Sermons

Sunday, September 23, 2012

And they were afraid to ask him




Jesus and his disciples went on from there and passed through Galilee. He did not want anyone to know it; for he was teaching his disciples, saying to them, "The Son of Man is to be betrayed into human hands, and they will kill him, and three days after being killed, he will rise again." But they did not understand what he was saying and were afraid to ask him.


These are the beginning verses from today's Gospel reading from Mark, the Gospel in which nobody understands Jesus. Mark's attitude seems to be that nobody ever could understand Jesus until he had been crucified and raised - that the post-resurrection Jesus is the true Jesus and that we cannot understand him except through that lens.

That isn't to say that what Jesus said and did during his life was not important.  Just that people couldn't understand him or what he was doing during his life. Only later.

Meanwhile, back to the reading for today, Mark tells us, for neither the first nor the last time, that the disciples did not understand what Jesus was saying.  And, he adds, they were afraid to ask him.

Why were they afraid to ask?  Why is anyone ever afraid to ask?  Afraid someone (in this case, Jesus) will be mad?  Afraid of what the answer will be? Afraid we will get in trouble over the knowledge we gain by asking? Worried we will be shaken out of our certainties or our denial?  Fearful at the possibility of our picture of the world being rearranged like the colored bits in a kaleidoscope?

When I was younger, I was often afraid to ask. I didn't want to look stupid. I didn't want to admit I didn't know something. If I didn't know something, and I asked, would the person I asked tell me the truth? How would I know? I didn't like the feeling vulnerable that comes with asking.  I'd rather figure things out for myself. I'd rather appear to be knowing instead of ignorant.

I haven't entirely outgrown this unfortunate trait, but I can say that it has been and continues to be tempered by my curiosity.  Maybe not insatiable curiosity (a la Kipling's The Elephant's Child) but certainly strong curiosity.  Mix that with being in a relatively new place among new people, I find it much more comfortable to ask things than I used to.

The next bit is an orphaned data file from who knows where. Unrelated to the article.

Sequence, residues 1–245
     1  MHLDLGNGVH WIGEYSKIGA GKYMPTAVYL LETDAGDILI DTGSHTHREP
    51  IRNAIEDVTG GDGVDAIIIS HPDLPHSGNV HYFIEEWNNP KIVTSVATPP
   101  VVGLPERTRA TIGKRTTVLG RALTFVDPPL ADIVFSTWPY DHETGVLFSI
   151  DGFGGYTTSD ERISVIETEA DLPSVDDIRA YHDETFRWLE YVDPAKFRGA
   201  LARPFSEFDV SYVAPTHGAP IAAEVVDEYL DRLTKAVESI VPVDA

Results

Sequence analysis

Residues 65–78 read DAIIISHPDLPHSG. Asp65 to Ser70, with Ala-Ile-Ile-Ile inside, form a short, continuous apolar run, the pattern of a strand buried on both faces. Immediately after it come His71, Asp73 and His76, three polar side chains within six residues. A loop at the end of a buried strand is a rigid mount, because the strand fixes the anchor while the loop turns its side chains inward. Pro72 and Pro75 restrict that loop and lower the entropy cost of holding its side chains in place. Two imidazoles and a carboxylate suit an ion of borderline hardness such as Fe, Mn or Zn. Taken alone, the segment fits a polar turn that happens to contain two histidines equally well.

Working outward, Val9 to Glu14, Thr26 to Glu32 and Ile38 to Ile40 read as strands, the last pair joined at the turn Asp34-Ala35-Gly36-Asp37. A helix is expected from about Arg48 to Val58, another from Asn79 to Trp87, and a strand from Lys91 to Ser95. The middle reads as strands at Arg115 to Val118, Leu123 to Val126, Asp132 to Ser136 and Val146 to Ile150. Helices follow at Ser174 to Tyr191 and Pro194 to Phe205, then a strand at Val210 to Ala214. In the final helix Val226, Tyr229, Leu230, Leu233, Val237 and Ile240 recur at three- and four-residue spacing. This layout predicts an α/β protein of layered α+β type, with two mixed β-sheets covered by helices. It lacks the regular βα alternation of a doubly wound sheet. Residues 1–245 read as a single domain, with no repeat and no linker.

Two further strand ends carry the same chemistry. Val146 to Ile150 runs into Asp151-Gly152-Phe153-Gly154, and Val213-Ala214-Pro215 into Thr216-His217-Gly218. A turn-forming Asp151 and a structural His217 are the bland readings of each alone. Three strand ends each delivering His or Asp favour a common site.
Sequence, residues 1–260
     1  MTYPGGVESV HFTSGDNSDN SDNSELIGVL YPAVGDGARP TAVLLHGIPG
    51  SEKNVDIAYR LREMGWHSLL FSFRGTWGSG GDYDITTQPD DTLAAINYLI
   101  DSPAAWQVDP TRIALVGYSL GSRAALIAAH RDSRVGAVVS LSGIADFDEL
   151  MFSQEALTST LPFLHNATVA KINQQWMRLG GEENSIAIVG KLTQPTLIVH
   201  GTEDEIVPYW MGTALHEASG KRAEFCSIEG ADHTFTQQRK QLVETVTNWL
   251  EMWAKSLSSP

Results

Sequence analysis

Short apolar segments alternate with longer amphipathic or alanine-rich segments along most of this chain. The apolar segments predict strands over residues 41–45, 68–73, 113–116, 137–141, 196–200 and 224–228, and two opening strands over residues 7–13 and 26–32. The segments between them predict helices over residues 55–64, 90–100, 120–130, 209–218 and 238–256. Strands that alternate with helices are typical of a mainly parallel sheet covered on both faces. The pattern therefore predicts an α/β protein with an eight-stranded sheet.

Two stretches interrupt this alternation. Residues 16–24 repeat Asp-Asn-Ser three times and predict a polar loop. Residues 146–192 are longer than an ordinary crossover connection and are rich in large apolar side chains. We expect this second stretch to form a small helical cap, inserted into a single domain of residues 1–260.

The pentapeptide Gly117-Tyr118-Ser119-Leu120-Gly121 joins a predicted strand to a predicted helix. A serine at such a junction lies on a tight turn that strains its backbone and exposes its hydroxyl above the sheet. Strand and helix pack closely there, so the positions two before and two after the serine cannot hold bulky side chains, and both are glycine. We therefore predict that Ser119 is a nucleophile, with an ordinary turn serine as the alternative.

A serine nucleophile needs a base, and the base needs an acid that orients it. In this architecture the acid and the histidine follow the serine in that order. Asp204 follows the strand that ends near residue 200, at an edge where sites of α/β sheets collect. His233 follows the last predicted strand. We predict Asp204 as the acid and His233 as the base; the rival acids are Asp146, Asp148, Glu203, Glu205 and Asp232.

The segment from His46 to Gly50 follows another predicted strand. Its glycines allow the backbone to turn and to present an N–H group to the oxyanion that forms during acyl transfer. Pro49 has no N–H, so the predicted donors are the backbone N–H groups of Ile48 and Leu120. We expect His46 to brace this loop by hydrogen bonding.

But I certainly feel a resonance with the disciples here. They were with Jesus, drawn to him for some inexplicable reason, and they saw all sorts of amazing things when they were with him, and maybe they just didn't want to know what was happening or maybe they were just afraid to break the spell, or maybe they were afraid he would call them stupid and leave them in the dust, miserable and inadequate, because they just didn't get anything, really. Maybe they felt that they were frauds and didn't want to be exposed as such.  Maybe they understood enough to know that they didn't want their world to be shattered.

And so they kept their mouths shut and continued along the way.  I understand.







2 comments:

  1. Like your other essays, cogent and lucid. I have to sympathize with the disciples, too. If I had been following a person who I was convinced had the power to get rid of an empire occupying my homeland, I would definitely want to minimize the number of questions I asked him. In my academic career, I have had to deal with the fear of asking questions from both sides of the lectern. As a student, like everyone else, I was afraid to ask questions for fear of revealing colossal ignorance. As a teacher, I tried everything I could think of, with varying degrees of success, to reassure my students that asking questions was good, both for them and for me. Now that I have retired, I still have that fear of asking questions, but it seems to be related to how much I believe in a benevolent God I can turn to when I need reassurance.

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  2. Thanks, Bill. You put the dilemma of being on two sides well. No one wants to show their ignorance or feel judged, but sometimes fielding questions is just as scary!

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